Hayward’s 1890 builds off rich family history in providing top-notch outdoor furniture
Hugh Hayward can remember a time when he couldn’t walk down State Street without being recognized by someone in town.
The Hayward family has a rich history in Santa Barbara, and Hugh is the fifth generation family member to run the company.
The family has been doing business locally since 1890, or at least that’s what Hugh’s ancestors have decided on.
“I think (my family) was here before 1890, but they just picked that date because it sounded good,” Hugh, 55, told the News-Press recently.
Whether the start date is accurate or not is beside the point; what the family has accomplished over the past 129 years (or maybe more) is nothing short of remarkable.
These days, Hugh is the president of Hayward’s 1890, 7 Parker Way, specializing in outdoor patio furniture. Hugh’s great-great grandfather, Charles, operated a general merchandise store in town. Charles eventually passed the company on to his son, Alfred, followed by Earl and Roland, and then Fred, Hugh’s father.
As time went on, the Hayward’s shifted to contract work such as floor covering in the years after World War II. The store then moved to outdoor and interior furniture, operating out of three locations in Santa Barbara and Montecito.
“I give a lot of credit to the fact that it’s in Santa Barbara as to what has helped it remain intact,” Hugh said. “It’s a place people want to be, so that helps.”
The business shifted exclusively to outdoor furniture during the Great Recession from December 2007 to June 2009.
“It’s plenty to keep me busy,” Hugh said. “It’s a good gig.”
Those who have ventured into the 12,000-square-foot showroom have been able to observe some of the industry’s finest manufacturers. Whether it’s Brown Jordan, Kingsley-Bate, Summer Classics or Treasure Garden ? there is certainly no shortage of furniture to check out.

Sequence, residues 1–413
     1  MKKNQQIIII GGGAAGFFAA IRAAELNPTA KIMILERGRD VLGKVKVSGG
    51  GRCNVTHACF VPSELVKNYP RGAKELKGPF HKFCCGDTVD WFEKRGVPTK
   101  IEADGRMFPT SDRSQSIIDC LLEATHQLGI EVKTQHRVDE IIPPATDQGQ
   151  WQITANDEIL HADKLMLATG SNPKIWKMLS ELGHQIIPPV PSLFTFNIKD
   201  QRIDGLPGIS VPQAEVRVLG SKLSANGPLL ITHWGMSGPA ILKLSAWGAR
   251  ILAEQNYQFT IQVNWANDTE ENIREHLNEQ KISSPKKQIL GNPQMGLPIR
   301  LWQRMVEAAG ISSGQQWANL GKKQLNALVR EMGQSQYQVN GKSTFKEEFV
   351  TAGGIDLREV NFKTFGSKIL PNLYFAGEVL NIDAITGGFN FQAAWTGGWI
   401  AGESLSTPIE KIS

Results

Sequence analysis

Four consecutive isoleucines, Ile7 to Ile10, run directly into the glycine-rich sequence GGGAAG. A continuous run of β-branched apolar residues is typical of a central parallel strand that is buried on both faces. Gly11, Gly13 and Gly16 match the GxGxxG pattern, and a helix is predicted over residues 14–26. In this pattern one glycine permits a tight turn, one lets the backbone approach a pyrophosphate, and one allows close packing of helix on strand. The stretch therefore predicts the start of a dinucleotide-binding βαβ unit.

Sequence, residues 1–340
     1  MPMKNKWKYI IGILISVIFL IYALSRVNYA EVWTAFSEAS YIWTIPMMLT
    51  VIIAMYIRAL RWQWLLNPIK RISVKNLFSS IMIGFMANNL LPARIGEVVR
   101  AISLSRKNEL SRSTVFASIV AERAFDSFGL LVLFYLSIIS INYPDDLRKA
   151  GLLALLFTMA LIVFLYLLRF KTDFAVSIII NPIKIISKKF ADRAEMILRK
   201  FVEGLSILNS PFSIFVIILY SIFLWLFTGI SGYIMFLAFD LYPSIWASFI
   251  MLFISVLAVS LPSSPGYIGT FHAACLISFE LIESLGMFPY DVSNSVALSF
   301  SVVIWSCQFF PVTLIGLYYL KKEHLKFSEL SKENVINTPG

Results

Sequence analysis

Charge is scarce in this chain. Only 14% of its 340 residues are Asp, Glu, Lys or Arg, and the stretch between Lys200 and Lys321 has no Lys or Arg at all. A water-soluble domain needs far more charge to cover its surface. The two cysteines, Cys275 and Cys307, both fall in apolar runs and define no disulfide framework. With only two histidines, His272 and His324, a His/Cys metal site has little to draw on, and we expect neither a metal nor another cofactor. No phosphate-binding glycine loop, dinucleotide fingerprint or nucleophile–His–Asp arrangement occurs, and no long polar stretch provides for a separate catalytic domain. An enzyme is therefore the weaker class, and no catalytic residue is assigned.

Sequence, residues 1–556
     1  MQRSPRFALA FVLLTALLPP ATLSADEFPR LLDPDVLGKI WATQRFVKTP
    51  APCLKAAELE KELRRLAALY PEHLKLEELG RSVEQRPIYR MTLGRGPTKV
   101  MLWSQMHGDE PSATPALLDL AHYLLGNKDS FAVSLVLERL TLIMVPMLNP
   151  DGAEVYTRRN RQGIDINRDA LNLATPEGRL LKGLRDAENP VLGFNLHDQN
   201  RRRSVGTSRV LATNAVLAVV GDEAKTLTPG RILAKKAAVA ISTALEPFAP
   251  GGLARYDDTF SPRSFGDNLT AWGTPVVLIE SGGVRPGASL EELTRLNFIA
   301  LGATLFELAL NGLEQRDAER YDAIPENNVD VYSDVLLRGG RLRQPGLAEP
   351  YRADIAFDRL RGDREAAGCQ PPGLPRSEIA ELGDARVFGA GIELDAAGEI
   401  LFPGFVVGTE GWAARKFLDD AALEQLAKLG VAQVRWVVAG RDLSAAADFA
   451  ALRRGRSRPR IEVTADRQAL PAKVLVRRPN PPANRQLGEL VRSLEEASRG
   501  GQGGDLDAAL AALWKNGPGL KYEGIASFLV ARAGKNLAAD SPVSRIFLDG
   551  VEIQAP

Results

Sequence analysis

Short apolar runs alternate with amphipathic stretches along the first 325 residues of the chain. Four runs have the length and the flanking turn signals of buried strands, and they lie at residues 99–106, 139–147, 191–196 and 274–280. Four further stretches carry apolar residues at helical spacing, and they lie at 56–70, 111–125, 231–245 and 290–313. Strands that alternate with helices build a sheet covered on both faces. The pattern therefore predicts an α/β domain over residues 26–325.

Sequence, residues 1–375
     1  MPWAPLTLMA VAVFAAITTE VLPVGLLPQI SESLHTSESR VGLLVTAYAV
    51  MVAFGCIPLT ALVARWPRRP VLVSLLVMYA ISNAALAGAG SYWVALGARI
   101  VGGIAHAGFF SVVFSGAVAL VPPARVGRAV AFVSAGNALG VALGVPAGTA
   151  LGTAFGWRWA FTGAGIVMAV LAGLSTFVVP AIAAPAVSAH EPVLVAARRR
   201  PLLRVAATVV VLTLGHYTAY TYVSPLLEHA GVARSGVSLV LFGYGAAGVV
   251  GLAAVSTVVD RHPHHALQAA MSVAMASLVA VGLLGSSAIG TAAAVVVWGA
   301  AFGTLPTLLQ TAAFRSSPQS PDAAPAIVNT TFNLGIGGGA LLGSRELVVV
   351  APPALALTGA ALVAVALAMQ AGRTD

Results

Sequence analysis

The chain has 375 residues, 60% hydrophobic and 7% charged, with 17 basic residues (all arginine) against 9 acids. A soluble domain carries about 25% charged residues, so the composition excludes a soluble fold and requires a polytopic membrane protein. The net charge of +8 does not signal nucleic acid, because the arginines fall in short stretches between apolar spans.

“I really focus on making sure that what I buy to sell to my customers is of a certain quality, and a certain known quality,” Hugh said.
He takes pride in customer satisfaction, and with a strong customer base in Santa Barbara, Montecito and Hope Ranch, Hugh works to find what works best no matter the circumstance.
“I try and buy stuff that I know when you buy it, you’re going to go home and you’re going to be happy,” he said.
While some retailers focus on cheaper products to try and move items quickly, that can be a “slippery slope,” Hugh said.
“You’re always nullifying something for less. It’s just the rule of the game.”
In the U.S., those who go out and buy something to sell is called the “buyer.” In Europe, a person who performs the same task is viewed as an ‘editor.’ Hugh said he tries to fulfill the latter.
“Their job is to go into the marketplace and edit out the things that don’t line up with their vision of what the business is,” he explained. “And I thought that was a good differentiator because that’s really what I try to do ? just edit out the things that don’t, to me, make sense.”
With a large variety of patio furniture, umbrellas, fire pits, chairs, rugs and pillows in his showroom, Hayward’s 1890 also offers plates, candles, table decor and accessories such as coasters, paper weights and even jewelry.
“You have to follow what your customer is looking for,” Hugh said.
While the showroom may not be located on the typical retail corridor along State Street, Hugh enjoys the current location due to having ample parking in a quiet, intimate spot.
Those who do business with Hugh can’t help but notice his keen eye for detail.
“I try to switch my brain over to look at things through (the customers) eyes,” Hugh said.
With four children under 30, Hugh said he has encouraged them to find their own passions and chase their dreams.
“I explored other things, but it worked out,” he said. “Could it have gone a different way? Of course, there are always forks in the road.”
For the foreseeable future, Hugh will continue to prioritize whatever it is the customer wants. Whether it’s those who want seating for 12, or desire furniture that can withstand the existence of house pets, or even to create a Fiji fantasy ? Hayward’s 1890 is up for the challenge.
“The price is soon forgotten, beauty lasts forever,” said Hugh. “To me that is really important, because when you’re a visual person it’s important to you.”